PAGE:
These conclusions are limited by the single-centre, retrospective study design, and we do not have access to repeat revascularisations preformed at outside institutions. RA was defined by administrative database codes, and as such we are limited in the assessment of disease severity or the authenticity of this diagnosis, although a majority were treated with at least one medication known to be used in RA management. We cannot rule out the possibility that disease misclassification, missing information and undertreatment of RA may bias our results toward the null, suggesting that the effects seen in this study likely represent conservative risk estimates. Patients treated with MTX or TNFα inhibitors were different, and although we attempted to control for differences known to affect restenosis, there may be residual confounding. Finally, the longitudinal use of medication, assessment of RA disease activity and biomarkers of inflammation, were not available for analysis; data that will be informative to examine in future efforts. A prospective trial of patients with RA after PCI should be considered to more specifically address the benefits of anti-inflammatory therapies and cardiovascular outcomes.
Patients with RA have an increased need for revascularisation after PCI, especially female patients and patients followed after the 1-year landmark. Treatment with MTX or TNFα inhibitors at discharge from the initial PCI was associated with a reduced risk of repeat revascularisation compared with non-treated patients with RA and was similar to matched controls. In patients with RA not receiving these therapies, the risk of repeat revascularisation was significantly higher than in matched controls. These findings emphasise the adverse effects of chronic inflammation on outcomes after PCI and provide further support for aggressive anti-inflammatory treatment in patients with RA with atherosclerosis.
What is already known on this subject?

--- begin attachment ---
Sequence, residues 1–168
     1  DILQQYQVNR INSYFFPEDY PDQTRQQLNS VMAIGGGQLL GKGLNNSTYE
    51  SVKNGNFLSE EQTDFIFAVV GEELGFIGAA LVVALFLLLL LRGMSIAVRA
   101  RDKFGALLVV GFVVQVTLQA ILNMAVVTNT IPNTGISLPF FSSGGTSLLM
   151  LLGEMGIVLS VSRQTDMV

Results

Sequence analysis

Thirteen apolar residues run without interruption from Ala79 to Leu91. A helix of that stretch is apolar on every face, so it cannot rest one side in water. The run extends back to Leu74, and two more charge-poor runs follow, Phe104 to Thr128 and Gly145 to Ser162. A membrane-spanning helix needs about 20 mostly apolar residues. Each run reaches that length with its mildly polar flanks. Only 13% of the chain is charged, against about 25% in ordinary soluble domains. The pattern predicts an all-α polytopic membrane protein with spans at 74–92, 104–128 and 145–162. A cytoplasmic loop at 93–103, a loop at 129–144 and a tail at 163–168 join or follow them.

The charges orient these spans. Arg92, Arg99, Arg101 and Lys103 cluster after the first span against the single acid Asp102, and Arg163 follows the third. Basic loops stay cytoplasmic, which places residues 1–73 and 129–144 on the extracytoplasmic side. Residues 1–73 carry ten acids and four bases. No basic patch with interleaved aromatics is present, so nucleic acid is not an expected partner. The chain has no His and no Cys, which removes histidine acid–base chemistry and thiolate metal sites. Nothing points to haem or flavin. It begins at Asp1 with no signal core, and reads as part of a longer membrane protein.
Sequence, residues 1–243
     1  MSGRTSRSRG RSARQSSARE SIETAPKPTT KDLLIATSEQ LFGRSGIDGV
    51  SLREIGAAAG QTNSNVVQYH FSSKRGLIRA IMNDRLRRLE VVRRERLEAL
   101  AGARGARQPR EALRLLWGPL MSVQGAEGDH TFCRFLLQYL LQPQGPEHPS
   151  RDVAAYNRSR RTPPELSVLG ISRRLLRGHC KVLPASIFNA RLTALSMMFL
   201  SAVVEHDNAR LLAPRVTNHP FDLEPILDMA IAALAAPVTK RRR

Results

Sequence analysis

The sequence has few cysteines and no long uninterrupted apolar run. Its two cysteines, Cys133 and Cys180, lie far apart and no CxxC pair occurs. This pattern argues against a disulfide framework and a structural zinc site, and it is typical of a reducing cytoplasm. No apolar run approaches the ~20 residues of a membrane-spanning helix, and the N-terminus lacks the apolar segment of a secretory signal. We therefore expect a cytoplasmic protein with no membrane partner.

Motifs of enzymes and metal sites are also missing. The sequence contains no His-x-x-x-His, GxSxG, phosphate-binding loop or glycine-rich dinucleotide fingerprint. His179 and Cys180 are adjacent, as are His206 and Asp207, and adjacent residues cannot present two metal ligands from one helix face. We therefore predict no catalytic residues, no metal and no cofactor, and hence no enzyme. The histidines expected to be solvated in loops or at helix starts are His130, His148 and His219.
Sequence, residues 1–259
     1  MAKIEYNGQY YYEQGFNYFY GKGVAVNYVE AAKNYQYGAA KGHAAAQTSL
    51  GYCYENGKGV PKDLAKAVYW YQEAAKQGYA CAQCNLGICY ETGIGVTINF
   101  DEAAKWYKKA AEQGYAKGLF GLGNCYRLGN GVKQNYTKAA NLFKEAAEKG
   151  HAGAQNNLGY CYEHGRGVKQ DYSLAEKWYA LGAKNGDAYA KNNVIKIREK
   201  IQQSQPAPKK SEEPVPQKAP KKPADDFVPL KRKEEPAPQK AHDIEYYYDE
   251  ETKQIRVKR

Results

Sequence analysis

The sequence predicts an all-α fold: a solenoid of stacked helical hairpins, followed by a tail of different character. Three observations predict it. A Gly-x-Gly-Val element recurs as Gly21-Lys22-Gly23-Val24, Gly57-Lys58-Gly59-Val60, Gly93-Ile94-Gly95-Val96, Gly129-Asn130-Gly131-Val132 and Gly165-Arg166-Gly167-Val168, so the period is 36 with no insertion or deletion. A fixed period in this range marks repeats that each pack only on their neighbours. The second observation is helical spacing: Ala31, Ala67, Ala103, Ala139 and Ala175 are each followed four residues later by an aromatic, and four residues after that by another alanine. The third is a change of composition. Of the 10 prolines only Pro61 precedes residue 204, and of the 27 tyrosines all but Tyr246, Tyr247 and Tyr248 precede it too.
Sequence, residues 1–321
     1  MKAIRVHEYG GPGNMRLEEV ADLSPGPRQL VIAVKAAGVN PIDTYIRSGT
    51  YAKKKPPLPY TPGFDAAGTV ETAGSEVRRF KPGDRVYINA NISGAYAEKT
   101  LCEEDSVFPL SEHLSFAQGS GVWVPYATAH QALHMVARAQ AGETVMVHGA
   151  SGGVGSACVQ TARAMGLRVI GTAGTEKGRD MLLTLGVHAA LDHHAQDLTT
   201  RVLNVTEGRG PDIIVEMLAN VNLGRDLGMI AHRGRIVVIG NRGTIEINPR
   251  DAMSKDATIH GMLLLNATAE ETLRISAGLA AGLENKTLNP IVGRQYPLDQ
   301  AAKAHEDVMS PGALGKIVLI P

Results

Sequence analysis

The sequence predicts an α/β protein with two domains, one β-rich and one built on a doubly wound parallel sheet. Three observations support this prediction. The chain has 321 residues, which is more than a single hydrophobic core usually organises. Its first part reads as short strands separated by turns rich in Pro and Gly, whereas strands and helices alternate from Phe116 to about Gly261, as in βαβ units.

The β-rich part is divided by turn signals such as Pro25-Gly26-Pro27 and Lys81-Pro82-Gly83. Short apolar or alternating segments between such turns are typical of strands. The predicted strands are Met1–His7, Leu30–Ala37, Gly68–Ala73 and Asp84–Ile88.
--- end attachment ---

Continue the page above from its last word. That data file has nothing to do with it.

There are no studies examining the long-term durability of percutaneous coronary interventions (PCIs) in patients with a chronic inflammatory disease such as rheumatoid arthritis (RA).
What might this study add?
This study highlights the increased risk of repeat revascularisation in patients with RA and suggests inflammation is the major contributor to this increased risk. RA lesions were associated with an increased risk of revascularisation compared with control, especially when excluding lesions with revascularisation events or follow-up less than 1 year and in those patients not treated with potent anti-inflammatory medications at discharge.
How might this impact on clinical practice?
RA is a known risk factor for cardiovascular disease, and here we show that it is also a risk factor for adverse outcomes after PCI, namely, an increased risk of repeat revascularisation. Clinicians treating this population should be aware of this risk when evaluating patients after PCI.
Clinical Investigation Data Exploration Repository (CIDER) maintained by Washington University in St. Louis Center for Biomedical Informatics and funded by NIH CTSA Grant # UL1 TR000. NIH Clinical Training Grant 5T32HL007081-39.
This web only file has been produced by the BMJ Publishing Group from an electronic file supplied by the author(s) and has not been edited for content.
- Data supplement 1 - Online supplement
Contributors All authors have contributed substantively to this work, have read the manuscript and approved its content.
Funding This work was supported by NIH grants 5T32HL007081-39 (MAS).
Competing interests None declared.
Ethics approval Institutional Review Board.
Provenance and peer review Not commissioned; externally peer reviewed.